What are the most recent perfect games in Red Sox history?

Cy Young Boston Wind Up
Cy Young Boston Wind Up / Transcendental Graphics/GettyImages

Cy Young was arguably the greatest pitcher to ever wear the Red Sox uniform. Even though he last pitched in 1911, he still holds eight different MLB records, with his 511 career wins being the most prestigious one. It's no wonder the award for the top pitcher in each league is named after him. He also holds one more record no one will ever beat — he threw the first perfect game in modern baseball history.

Before 1893, baseball was a lot different than the modern version of the game. The biggest changes made in that year were the reduction of walks from eight pitches to four and the distance from the mound to the plate was increased to 60 feet and inches, up from 45 feet. There were two "perfect games" thrown before the modern rules were in place, but given the chance to throw eight balls before walking a batter made it much more likely to happen.

On May 5th, 1904, in front of 10,267 fans at the Huntington Grounds, Young took the mound against the Philadelphia Athletics opposite future Hall of Famer Rube Waddell. Waddell heckled Young before and during the game, hurling insults to try to throw him off. This did not seem to affect Young much, and he completed the first modern perfect game in a mere one hour and 25 minutes, and he struck out eight batters in the process.

Young fanned Waddell to finish the game and proceeded to yell, "how do you like that, you hayseed!" to rub salt in the wound. That game was in the middle of a then-record 45-inning scoreless streak for Young. What might be the most amazing feat during this streak is he didn't give up a hit for 25 1/3 innings, or 76 batters, which is still a Major League record. This game also began the superstition of not talking to a pitcher in the middle of a no-hitter, and the Boston players avoided Young to not break his concentration.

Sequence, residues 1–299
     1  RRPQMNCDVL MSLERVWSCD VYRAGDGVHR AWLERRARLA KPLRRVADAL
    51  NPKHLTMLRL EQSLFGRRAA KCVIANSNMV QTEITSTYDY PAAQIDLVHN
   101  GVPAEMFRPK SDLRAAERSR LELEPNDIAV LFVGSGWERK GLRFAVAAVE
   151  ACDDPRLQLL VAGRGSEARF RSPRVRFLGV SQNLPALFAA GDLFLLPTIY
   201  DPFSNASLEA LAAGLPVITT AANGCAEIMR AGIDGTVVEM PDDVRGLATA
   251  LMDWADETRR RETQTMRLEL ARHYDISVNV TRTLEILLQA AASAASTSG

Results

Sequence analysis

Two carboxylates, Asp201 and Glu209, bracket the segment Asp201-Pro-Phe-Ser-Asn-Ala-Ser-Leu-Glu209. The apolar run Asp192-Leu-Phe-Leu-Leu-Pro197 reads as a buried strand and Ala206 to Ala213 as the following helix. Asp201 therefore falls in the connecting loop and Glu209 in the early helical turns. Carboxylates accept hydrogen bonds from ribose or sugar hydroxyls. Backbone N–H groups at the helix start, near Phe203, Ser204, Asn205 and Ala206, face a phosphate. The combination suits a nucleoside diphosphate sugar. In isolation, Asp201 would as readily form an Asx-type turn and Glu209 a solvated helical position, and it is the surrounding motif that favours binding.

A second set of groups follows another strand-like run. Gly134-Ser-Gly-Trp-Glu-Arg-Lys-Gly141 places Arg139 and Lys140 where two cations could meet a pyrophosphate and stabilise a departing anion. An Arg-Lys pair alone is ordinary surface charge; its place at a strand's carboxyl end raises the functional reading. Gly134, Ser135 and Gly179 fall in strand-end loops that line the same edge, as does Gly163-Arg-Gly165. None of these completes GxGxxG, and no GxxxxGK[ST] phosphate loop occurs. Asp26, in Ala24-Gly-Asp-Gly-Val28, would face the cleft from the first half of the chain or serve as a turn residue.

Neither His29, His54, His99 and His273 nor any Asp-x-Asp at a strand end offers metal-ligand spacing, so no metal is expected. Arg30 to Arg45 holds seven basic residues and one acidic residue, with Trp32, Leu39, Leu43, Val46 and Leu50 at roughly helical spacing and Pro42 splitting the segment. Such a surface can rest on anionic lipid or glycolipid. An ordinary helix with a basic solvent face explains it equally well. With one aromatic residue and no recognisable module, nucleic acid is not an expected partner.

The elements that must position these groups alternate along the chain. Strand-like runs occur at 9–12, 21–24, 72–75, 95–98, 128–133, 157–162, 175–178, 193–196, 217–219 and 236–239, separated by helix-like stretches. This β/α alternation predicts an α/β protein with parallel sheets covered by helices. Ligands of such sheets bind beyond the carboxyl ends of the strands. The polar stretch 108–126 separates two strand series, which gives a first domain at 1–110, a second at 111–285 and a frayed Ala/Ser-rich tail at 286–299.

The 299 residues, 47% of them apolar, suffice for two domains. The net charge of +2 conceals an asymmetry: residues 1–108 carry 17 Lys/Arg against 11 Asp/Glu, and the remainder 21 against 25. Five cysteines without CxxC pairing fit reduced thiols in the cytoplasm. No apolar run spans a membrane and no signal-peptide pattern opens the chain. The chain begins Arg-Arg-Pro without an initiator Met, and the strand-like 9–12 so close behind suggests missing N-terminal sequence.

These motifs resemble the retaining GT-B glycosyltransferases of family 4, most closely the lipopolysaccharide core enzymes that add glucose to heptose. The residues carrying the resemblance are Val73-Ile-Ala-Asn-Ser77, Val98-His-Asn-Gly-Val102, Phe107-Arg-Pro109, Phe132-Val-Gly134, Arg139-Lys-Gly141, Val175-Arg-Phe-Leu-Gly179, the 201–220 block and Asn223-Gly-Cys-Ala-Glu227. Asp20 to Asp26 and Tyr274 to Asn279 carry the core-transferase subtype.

Cy Young pitched the Red Sox's only perfect game and the first one in the modern baseball era

For 120 years, the baseball gods have not blessed Fenway Park, nor a single Red Sox pitcher with a perfect game. Oddly enough, there has never been a perfect game thrown against the Red Sox either, but Yankee pitcher Mike Mussina came the closest.

On Sept. 2, 2001, Mussina came within one out of the perfecto, until Carl Everett came up to the plate to pinch hit for catcher Joe Oliver. Everett, who was 0-for-4 with four strikeouts in his previous encounter with Mussina, got a high fastball on the outside half of the plate and broke it up with a clean single to left center.

"I think I'm going to remember that pitch until I retire," Mussina later recalled. He even mentioned the game during his 2019 Hall of Fame induction speech.

“I did a lot of ‘almost’ stuff," he said. "Those things didn’t happen, but things turned out OK. Now I get to say that I went to the Hall of Fame.”

There is one more notable perfect game for the Sox, but it did not happen during the regular season. On March 15, 2000, the great Pedro Martínez took the mound. He pitched three innings in a spring training game and, with the help of five relievers, the Sox went on to complete the only known perfect game thrown in spring training history.

One hundred and twenty years is long enough — we need a perfect game thrown by a Red Sox pitcher. It will certainly be a special moment for Red Sox Nation and for the Red Sox franchise when someone can finally accompany Young in the history books.

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